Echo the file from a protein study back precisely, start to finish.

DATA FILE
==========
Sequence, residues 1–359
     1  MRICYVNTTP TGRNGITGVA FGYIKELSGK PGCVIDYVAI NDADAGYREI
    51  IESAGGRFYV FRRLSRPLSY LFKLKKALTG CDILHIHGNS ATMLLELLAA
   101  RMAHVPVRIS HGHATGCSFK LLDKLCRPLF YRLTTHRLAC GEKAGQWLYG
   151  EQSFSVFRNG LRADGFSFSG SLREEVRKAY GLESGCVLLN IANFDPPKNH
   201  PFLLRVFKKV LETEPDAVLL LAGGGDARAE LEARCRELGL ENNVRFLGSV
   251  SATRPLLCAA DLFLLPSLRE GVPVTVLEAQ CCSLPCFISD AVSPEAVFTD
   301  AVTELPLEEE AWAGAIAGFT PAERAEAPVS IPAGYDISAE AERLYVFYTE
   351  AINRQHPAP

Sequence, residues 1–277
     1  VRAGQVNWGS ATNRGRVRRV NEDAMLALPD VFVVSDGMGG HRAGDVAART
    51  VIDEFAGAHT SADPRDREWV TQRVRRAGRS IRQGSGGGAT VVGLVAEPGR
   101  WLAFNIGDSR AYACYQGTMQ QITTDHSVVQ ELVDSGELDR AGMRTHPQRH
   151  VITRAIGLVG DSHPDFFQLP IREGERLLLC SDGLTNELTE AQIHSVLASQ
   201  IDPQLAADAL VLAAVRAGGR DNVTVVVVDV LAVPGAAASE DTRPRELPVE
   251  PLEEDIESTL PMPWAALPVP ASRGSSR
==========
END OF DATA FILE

Sequence, residues 1–359
     1  MRICYVNTTP TGRNGITGVA FGYIKELSGK PGCVIDYVAI NDADAGYREI
    51  IESAGGRFYV FRRLSRPLSY LFKLKKALTG CDILHIHGNS ATMLLELLAA
   101  RMAHVPVRIS HGHATGCSFK LLDKLCRPLF YRLTTHRLAC GEKAGQWLYG
   151  EQSFSVFRNG LRADGFSFSG SLREEVRKAY GLESGCVLLN IANFDPPKNH
   201  PFLLRVFKKV LETEPDAVLL LAGGGDARAE LEARCRELGL ENNVRFLGSV
   251  SATRPLLCAA DLFLLPSLRE GVPVTVLEAQ CCSLPCFISD AVSPEAVFTD
   301  AVTELPLEEE AWAGAIAGFT PAERAEAPVS IPAGYDISAE AERLYVFYTE
   351  AINRQHPAP

Sequence, residues 1–277
     1  VRAGQVNWGS ATNRGRVRRV NEDAMLALPD VFVVSDGMGG HRAGDVAART
    51  VIDEFAGAHT SADPRDREWV TQRVRRAGRS IRQGSGGGAT VVGLVAEPGR
   101  WLAFNIGDSR AYACYQGTMQ QITTDHSVVQ ELVDSGELDR AGMRTHPQRH
   151  VITRAIGLVG DSHPDFFQLP IREGERLLLC SDGLTNELTE AQIHSVLASQ
   201  IDPQLAADAL VLAAVRAGGR DNVTVVVVDV LAVPGAAASE DTRPRELPVE
   251  PLEEDIESTL PMPWAALPVP ASRGSSR